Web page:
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Rangers History Today: Taking a 3-2 Lead in 2011 World Series

The Rangers played the Cardinals in Game 5 of the World Series, and by the end of the night they were up 3-2 in the series.

On this date in franchise history, the Texas Rangers won Game 5 of the 2011 World Series, drawing them tantalizingly close to their first World Championship.

On Oct. 24, 2011, the Rangers and Cardinals played the final game of the series at Rangers Ballpark in Arlington, with the starters from Game 1—C. J. Wilson for the Rangers and Chris Carpenter for the Cardinals—back on the bump. That Game 1 saw Carpenter take the win and Wilson take the loss. This time, neither would figure in the decision.

St. Louis grabbed a 2-0 lead in the top of the second after Wilson walked Matt Holliday and Lance Berkman, both of whom later scored. Walks became a theme for the Rangers in this game, as the pitching staff surrendered nine of them. Though, to be fair, the Rangers intentionally walked Albert Pujols three times.

But, the Rangers worked their way around those walks and the Cardinals didn’t score again. In fact, St. Louis left 12 runners on base.

Mitch Moreland cut the lead in half with a solo home run in the bottom of the third. Adrián Beltré tied the game with a solo home run in the bottom of the sixth. Beltré's homer is remembered by fans not only for tying the game in a pivotal World Series moment, but also because he hit it from down on one knee.

Then came the eighth inning, with Cardinals manager Tony LaRussa and the infamous miscommunication with his bullpen coach Derek Lilliquist.

Michael Young doubled to lead off the bottom of the eighth, and LaRussa called Lilliquist to get two relievers warmed up — Jason Motte and Marc Rzepczynski. Lilliquist later told reporters that he only heard LaRussa ask for Rzepczynski. So up went Rzepczynski.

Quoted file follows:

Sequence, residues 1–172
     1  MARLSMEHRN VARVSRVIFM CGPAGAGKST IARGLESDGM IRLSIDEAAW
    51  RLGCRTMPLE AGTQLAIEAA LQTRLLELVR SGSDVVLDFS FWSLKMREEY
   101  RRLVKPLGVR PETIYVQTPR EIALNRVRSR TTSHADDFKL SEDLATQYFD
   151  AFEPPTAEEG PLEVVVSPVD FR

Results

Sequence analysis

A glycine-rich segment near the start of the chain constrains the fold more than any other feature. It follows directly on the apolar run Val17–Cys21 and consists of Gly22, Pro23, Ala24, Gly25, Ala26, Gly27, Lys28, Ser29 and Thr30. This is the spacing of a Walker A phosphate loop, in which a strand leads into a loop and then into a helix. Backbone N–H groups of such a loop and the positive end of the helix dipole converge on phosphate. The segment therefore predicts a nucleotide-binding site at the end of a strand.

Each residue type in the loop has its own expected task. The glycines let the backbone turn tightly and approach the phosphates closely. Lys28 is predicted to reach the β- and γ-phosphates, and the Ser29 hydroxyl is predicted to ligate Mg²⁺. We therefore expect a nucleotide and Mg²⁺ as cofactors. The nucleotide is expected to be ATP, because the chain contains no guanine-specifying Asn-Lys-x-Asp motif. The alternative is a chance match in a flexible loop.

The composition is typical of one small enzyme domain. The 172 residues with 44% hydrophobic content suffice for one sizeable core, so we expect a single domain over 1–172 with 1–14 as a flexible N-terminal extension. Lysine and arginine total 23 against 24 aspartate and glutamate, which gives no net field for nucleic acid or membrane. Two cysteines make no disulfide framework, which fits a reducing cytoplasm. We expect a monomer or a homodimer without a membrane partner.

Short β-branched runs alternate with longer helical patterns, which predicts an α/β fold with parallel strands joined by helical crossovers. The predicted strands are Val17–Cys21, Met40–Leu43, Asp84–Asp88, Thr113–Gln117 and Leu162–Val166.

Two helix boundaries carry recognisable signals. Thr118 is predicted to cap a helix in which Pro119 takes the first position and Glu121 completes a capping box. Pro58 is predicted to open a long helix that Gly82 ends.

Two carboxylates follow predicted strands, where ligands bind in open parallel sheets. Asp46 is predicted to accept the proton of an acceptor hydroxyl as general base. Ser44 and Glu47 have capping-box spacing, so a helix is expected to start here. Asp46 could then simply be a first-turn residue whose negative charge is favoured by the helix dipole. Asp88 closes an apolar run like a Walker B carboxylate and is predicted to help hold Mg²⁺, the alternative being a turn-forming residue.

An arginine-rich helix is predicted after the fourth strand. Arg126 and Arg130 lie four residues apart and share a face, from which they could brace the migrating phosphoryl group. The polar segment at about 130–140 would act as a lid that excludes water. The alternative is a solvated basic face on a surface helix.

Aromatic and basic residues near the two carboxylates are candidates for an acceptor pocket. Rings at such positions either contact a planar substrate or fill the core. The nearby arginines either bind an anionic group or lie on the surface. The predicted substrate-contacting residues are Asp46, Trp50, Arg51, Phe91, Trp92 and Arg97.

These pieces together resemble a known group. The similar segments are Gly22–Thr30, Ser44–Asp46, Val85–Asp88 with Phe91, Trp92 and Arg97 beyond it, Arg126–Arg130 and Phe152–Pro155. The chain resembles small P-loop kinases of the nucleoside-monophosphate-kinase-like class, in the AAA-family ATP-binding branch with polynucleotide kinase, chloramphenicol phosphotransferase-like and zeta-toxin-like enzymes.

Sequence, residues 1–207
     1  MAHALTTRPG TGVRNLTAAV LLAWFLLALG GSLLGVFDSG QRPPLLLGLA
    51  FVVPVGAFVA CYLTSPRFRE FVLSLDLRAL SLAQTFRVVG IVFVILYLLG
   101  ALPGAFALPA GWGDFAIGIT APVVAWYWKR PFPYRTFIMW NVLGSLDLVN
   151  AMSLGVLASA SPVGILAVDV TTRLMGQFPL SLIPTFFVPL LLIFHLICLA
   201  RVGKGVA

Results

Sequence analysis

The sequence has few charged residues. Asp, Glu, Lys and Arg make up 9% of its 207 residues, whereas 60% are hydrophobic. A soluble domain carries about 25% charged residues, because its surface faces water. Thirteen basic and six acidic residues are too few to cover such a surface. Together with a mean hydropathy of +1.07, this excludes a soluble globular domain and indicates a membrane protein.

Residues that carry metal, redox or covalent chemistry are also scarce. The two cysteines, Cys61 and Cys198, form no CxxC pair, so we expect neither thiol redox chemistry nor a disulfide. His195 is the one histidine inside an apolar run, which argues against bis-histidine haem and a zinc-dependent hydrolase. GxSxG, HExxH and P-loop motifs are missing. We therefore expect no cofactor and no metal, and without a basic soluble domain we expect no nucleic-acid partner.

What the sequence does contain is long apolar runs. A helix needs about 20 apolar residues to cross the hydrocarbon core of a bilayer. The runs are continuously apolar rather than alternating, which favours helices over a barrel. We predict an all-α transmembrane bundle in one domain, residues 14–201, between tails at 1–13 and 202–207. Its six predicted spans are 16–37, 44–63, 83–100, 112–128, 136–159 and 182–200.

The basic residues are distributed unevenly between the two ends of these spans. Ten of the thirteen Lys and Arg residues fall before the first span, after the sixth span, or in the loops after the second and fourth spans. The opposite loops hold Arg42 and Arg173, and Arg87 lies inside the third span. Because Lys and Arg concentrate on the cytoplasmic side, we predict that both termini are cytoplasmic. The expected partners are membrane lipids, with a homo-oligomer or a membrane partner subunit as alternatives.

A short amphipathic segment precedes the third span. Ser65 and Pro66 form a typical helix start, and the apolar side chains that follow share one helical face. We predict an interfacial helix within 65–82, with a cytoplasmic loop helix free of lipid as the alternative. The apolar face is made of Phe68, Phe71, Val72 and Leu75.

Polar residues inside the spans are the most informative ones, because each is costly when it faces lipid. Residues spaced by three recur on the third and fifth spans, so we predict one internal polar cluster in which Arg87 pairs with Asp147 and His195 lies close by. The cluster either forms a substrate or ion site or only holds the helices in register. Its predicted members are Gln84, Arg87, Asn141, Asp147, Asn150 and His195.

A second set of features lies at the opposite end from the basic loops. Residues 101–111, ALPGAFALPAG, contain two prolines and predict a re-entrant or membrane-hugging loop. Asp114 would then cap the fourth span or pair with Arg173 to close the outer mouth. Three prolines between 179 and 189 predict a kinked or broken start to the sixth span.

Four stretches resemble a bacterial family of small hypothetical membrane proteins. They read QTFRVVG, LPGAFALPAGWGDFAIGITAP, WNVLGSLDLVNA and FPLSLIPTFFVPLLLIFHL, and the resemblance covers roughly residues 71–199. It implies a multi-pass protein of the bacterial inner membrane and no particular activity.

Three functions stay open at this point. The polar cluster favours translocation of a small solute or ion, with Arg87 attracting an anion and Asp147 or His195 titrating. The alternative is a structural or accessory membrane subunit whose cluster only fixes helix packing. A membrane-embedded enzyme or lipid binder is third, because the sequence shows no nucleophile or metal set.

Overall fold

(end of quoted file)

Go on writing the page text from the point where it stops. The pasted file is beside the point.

LaRussa noticed and called Lilliquist again. LaRussa said he asked for Motte. Bizarrely, Lilliquist contended that LaRussa asked for future Rangers starter Lance Lynn. Lynn had been deemed unavailable by LaRussa after a long outing two nights before in Game 3.

Amidst all of this, LaRussa had his reliever on the mound, Octavio Dotel, intentionally walk Nelson Cruz. Left with no choice, LaRussa called on Rzepczynski, a left-hander, to face the left-handed David Murphy. The Rangers outfield won that battle, beating out a grounder to load the bases.

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The Texas Rangers continued a busy Sunday, only this time they bolstered their starting rotation.

LaRussa wanted Motte, but he wasn’t ready (that’s a funny story, too). So Rzepczynski faced Mike Napoli, who doubled and drove in Young and Cruz to make it a 4-2 game.

LaRussa had seen enough. He called the bullpen and asked for Motte. Oh, did we mention that Lynn came out of the bullpen instead? Thanks to this massive miscommunication, Lynn intentionally walked Ian Kinsler, and La Russa brought Motte in immediately. The Cardinals managed to get out of the inning without doing any more damage.

Neftalí Feliz closed it out for the Rangers in the ninth. Darren Oliver earned his first win of the World Series in relief for the Rangers. Dotel took the loss.

With the victory, the Rangers were just one win away from everything they had wanted since moving from Washington in 1972.

Also on this date …

Oct. 24, 1990: The Texas Rangers and the City of Arlington announce their intention to build what would become The Ballpark in Arlington.

Oct. 24, 2008: Shortstop Michael Young is named the Marvin Miller Man of the Year for Major League Baseball, the first Rangers player to win the honor. The award is voted on by the players and takes into account on-field and off-field performance.


Are we missing a moment from this day in Texas Rangers history? We’re happy to add it. Hit us up on Twitter @PostinsPostcard and let us know what to add. 

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